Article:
Tegucigalpa, the capital of Honduras, pictured in December 2017. Unidentified gunmen shot a journalist in Copán, western Honduras, on August 31. (Reuters/Henry Romero)
Tegucigalpa, the capital of Honduras, pictured in December 2017. Unidentified gunmen shot a journalist in Copán, western Honduras, on August 31. (Reuters/Henry Romero)

Cablemar TV reporter Aguilar shot dead in Copán, Honduras

Amsterdam, September 4, 2019—The Committee to Protect Journalists today condemned the killing of Edgar Joel Aguilar, a reporter and presenter for Cablemar TV, and urged the Honduran authorities to conduct a rigorous investigation and bring those responsible to justice.

On August 31, two unidentified men entered a barbershop that Aguilar visited every Saturday in the town of La Entrada in Copán, western Honduras, and shot the journalist, Cablemar TV news director Carlos Chinchilla told CPJ via phone.

Aguilar covered general news, including local crime and violence, for Cablemar TV and worked as a regional correspondent for Channel 6, a national news broadcaster, according to Chinchilla and local reports.

A police spokesperson in Copán said that Aguilar had requested protection the day before he was killed, as he feared for his life due to threats, the news website Criterio reported. The spokesperson did not provide further details.

Danilo Morales, director of the national protection mechanism for journalists, told the news website Reporteros de Investigación that the mechanism was “never informed of threats to his person.”

CPJ’s calls to Morales went unanswered. The director did not immediately respond to a request for comment sent via a messaging app.

“Honduran authorities must take swift action to investigate the killing of Edgar Joel Aguilar, bring those responsible to justice and commit to guaranteeing the safety of journalists under threat,” said CPJ Central and South America Program Coordinator Natalie Southwick in New York. “Proactive steps to protect journalists and bring their killers to justice are the only way to combat the pervasive impunity in Honduras, where those who threaten journalists rarely face consequences.”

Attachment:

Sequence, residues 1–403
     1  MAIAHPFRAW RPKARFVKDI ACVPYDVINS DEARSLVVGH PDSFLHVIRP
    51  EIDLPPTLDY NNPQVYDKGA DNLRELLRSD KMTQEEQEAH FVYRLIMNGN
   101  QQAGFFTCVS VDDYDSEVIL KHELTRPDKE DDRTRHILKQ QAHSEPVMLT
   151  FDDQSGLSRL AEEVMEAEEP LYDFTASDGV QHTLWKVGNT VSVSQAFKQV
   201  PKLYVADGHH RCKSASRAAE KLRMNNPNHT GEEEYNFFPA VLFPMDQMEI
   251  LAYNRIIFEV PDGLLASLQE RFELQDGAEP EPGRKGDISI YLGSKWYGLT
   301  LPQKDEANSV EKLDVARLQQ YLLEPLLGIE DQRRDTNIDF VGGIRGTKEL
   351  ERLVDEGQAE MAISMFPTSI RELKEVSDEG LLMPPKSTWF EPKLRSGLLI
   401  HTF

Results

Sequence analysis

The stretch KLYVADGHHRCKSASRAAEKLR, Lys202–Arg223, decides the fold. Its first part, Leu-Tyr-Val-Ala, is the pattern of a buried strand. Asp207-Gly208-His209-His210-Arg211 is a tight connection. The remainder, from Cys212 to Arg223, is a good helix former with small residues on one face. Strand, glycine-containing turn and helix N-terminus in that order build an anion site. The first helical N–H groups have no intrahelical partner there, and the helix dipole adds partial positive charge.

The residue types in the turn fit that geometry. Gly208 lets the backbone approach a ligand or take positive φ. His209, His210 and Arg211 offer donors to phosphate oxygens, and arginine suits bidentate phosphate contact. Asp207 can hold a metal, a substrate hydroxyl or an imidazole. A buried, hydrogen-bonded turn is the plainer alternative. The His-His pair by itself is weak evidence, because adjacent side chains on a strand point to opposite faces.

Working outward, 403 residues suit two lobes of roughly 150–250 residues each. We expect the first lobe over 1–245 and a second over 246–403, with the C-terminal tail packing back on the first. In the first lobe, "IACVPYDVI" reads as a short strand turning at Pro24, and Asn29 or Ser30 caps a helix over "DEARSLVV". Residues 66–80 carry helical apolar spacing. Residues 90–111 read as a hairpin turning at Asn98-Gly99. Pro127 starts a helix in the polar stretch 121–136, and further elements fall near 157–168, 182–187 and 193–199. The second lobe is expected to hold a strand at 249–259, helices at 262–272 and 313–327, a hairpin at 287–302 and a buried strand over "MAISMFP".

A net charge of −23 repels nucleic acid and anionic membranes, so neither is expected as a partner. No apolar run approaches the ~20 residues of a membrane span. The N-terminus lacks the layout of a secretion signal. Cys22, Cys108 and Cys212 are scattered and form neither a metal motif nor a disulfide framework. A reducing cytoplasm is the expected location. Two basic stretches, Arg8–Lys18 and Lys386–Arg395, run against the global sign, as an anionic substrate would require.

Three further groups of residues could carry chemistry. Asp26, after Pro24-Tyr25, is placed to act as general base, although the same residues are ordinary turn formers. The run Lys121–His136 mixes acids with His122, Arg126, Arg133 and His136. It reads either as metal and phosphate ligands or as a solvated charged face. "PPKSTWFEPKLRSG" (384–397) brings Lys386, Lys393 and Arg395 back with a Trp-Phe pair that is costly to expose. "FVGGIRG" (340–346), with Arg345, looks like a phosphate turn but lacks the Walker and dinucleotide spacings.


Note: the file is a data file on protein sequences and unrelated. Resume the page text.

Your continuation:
Aguilar, 39, had worked as a journalist in the region for 19 years and was well known, Chinchilla said. He added, “[Aguilar] used to work in radio and had a significant social base of popularity. He had a lot of people who supported him in the region.”

Chinchilla said that the journalist also regularly received threats over his crime coverage and confrontational reporting style.

The news director told CPJ that on August 13, a group of men came to the news station in Copán and tried to attack the journalist after Chinchilla reported on illegal moto-taxis. “They had tubes and bats and wanted to beat him up, but fortunately, we were able to calm them down,” Chinchilla said, adding that the incident was reported to police.

In 2017, the Honduran free expression organization C-Libre reported that Aguilar received death threats through the WhatsApp messaging network. And in 2012, unidentified individuals shot at a vehicle in which Aguilar was traveling, according to an August 31 National Human Rights Commissioner statement about his death.

At least six journalists have been murdered in direct retaliation for their work in Honduras since 1992, including Valle TV reporter Leonardo Gabriel Hernández, who was killed in March, according to CPJ research. CPJ is investigating a further 22 cases, not including Aguilar, to determine if journalism was a motive in the killing.